Dead Jellyfish Blooms Vital To Deep Sea Ecosystem Health, Study Finds

February 7, 2015 in Animals & Insects

Dead jellyfish blooms appear to be vital to the health of many deep-sea ecosystems, based on new research National Oceanography Centre that investigated the speed at which these dead blooms are eaten.

It had previously been thought that when large blooms of jellyfish died that they often simpy fell to the ocean floor and rotted, rather than being eaten, as the sheer quantity excluded the eating of all of the bloom — thereby depleting the oxygen on the ocean floor, and creating a dead zone of sorts. The new work suggests that these assumptions were off-base.

Jellyfish blooms
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Near Extinct Animals — Mediterranean Monk Seal, Axolotl Mexican Salamander, Tiger Spider, Southern Bluefin Tuna, & Alabama Cavefish

February 6, 2015 in Animals & Insects

The current rate of species extinction in the world is estimated to 100-1000 times higher (spread across all types of life) than the background extinction rate (average over very-long time-scales), primarily as a result of modern/industrial human activity.

Some groups are experiencing much higher rates even than that though — amphibians, for example, are currently going extinct roughly ~45,000 times faster than the background extinction rate. Most/many amphibian species are expected to go extinct at some point in the foreseeable future — without large changes to the current trajectory occurring. (There are notable exceptions to this.)

Despite the growing rates of extinctions, research has shown that public interest and concern has actually been diminishing greatly over the last few decades. (Perhaps as backlash against the tactics/hypocrisy of many “environmental” organizations? Perhaps because less and less people grow up in rural areas and spend time in the “wild”? Perhaps because entertainment consumption, drug-use, and obesity, has all skyrocketed in recent decades? Hard to say…)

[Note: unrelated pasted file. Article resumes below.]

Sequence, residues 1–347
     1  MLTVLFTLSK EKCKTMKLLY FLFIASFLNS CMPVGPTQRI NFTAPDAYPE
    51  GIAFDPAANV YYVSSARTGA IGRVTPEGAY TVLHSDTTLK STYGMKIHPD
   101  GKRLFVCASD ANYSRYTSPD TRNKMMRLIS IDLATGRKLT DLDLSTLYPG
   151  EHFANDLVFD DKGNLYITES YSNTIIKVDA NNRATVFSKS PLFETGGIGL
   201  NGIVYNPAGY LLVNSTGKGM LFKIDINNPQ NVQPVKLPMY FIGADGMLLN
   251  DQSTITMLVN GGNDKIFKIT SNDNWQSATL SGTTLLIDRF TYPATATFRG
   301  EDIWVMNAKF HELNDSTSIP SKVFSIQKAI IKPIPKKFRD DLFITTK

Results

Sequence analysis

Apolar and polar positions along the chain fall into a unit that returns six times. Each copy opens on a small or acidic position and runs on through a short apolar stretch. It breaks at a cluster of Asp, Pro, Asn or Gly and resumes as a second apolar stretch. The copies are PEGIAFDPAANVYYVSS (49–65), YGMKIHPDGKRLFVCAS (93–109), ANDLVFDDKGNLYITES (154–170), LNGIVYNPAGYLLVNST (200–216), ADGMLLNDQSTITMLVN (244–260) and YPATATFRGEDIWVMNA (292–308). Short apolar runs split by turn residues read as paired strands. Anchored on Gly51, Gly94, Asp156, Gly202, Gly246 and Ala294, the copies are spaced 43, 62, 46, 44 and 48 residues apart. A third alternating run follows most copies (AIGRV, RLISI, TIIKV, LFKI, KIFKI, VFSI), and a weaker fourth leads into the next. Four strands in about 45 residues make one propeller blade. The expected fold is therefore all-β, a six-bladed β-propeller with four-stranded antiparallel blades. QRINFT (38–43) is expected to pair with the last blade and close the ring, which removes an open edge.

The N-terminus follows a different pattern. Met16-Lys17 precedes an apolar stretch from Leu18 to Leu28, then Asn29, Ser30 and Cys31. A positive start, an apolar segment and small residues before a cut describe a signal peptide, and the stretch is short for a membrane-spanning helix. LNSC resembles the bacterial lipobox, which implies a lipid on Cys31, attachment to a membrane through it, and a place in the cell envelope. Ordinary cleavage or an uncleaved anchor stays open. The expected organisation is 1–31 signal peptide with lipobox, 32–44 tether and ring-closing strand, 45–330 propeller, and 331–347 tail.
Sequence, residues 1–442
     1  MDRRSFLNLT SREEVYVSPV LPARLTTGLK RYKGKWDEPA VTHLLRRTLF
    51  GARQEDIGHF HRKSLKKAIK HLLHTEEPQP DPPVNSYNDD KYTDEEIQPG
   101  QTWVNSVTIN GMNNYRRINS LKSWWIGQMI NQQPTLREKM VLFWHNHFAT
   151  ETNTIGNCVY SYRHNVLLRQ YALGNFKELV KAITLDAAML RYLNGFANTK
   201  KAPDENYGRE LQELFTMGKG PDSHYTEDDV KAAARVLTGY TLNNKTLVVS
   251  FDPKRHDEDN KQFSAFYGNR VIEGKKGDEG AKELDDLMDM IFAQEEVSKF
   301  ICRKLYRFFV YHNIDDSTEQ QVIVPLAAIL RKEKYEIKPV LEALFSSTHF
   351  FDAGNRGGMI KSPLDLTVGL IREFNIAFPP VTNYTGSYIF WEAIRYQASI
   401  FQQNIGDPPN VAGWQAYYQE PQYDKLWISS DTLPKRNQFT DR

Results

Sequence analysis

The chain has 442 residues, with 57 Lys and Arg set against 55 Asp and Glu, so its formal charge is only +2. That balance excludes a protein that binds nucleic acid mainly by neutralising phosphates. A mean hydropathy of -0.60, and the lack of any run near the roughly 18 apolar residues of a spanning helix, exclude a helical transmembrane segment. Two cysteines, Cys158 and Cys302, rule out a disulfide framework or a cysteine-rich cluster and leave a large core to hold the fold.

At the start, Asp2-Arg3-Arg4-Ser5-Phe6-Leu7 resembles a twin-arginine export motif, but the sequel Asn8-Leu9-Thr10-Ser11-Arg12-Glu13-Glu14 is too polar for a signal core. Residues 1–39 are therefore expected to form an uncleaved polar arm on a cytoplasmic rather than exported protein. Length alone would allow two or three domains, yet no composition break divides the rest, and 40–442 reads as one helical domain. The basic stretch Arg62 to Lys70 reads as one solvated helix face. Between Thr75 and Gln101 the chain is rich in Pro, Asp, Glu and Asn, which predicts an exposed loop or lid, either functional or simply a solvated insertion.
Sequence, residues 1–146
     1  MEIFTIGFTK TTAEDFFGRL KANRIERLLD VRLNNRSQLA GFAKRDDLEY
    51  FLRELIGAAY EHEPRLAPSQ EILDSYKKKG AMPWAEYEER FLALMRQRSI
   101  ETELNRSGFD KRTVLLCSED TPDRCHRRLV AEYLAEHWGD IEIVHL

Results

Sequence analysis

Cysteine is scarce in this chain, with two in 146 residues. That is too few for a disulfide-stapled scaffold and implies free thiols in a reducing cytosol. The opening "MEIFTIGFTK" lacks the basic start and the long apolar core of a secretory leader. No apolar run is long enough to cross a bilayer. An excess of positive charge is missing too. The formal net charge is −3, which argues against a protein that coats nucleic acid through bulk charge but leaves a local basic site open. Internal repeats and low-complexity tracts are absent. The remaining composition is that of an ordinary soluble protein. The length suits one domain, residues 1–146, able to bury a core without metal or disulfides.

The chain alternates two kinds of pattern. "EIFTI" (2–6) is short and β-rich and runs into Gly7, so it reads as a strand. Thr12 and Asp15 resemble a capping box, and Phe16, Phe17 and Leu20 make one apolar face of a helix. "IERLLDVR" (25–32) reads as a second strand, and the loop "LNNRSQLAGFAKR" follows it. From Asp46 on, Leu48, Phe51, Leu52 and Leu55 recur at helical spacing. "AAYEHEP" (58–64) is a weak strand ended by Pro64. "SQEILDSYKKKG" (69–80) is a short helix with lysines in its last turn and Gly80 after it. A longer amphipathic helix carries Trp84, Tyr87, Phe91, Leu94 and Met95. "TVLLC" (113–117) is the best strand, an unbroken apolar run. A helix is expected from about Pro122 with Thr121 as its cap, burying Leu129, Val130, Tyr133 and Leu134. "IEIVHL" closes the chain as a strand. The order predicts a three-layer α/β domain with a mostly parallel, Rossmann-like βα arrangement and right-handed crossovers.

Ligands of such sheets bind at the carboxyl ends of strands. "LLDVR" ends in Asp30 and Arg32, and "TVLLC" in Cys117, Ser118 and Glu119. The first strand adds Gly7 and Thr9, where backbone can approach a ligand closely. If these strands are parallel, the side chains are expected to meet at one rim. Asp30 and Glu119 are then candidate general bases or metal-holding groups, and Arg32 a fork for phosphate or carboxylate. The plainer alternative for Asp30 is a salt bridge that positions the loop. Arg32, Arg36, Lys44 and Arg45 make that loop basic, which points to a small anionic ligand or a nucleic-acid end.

Many researchers have estimated that at current rates of extinction, up to one-half of all the currently existing plant + animal species in the world will be extinct by the year 2100. (For more on that, see: 10 Extinct Animals Of The Last 100 Years, And Before, List).
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Brink Of Extinction — Giant Leatherback Sea Turtle, Siberian Tiger, Mountain Gorilla, North Pacific Right Whale, & Philippine Eagle

February 5, 2015 in Animals & Insects

With human expansion continuing at its relentless pace — and deforestation, soil erosion, species extinctions, and climatic changes, accompanying it — there are a significant number of animals nearing the brink of extinction.

While listing all of them here would be impossible — there are far, far too many — I still think that it’s worth going over some of the more prominant of the many critically endangered animals in the world today.

And, to that end, the article below will highlight 5 of those critically endangered animals — the Giant Leatherback Sea Turtle, the Siberian Tiger, the Mountain Gorilla, the North Pacific Right Whale, and the Philippine Eagle.
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Snakes — King Cobra, Banded Sea Krait, Reticulated Python, Spider-Tailed Viper, Wonambi Serpent, Diamondback Rattlesnake, Titanoboa, Etc

January 30, 2015 in Animals & Insects

Snakes are awesome. This article is going to go over some of the most interesting details of some of the most interesting snake species out there. Enjoy.
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Spiders — Assassin Spider, Camel Spider, Diving Bell Spider, Portia, Bagheera Kiplingi, Tiger Spider, Mirror Spider, Peacock Spider, Trapdoor Spiders, Etc

January 30, 2015 in Animals & Insects

Spiders are one of the most successful, diverse, and sometimes profoundly weird, groups of animals of the world. They range the gamut from: carnivores to herbivores, the highly intelligent to the nearly vegetable-like, active hunters to ambush hunters, tree-dwellers to burrow-dwellers to underwater-dwellers, the highly compact/sturdy to the long/fragile, pitch-black to translucent-white, the camouflaged to the brightly colored, the bird-killing to the fly-catching, the tropical to the temperate, etc.

They are found on all continents except Antarctica, rank 7th in total species diversity amongst all other orders of organisms on Earth, and are found in nearly every type of habitat on the planet — other than in the oceans, and in the air. And they have been around for at least 318 million years. Some of the longer-lived species can live for at least as long as 25 years.
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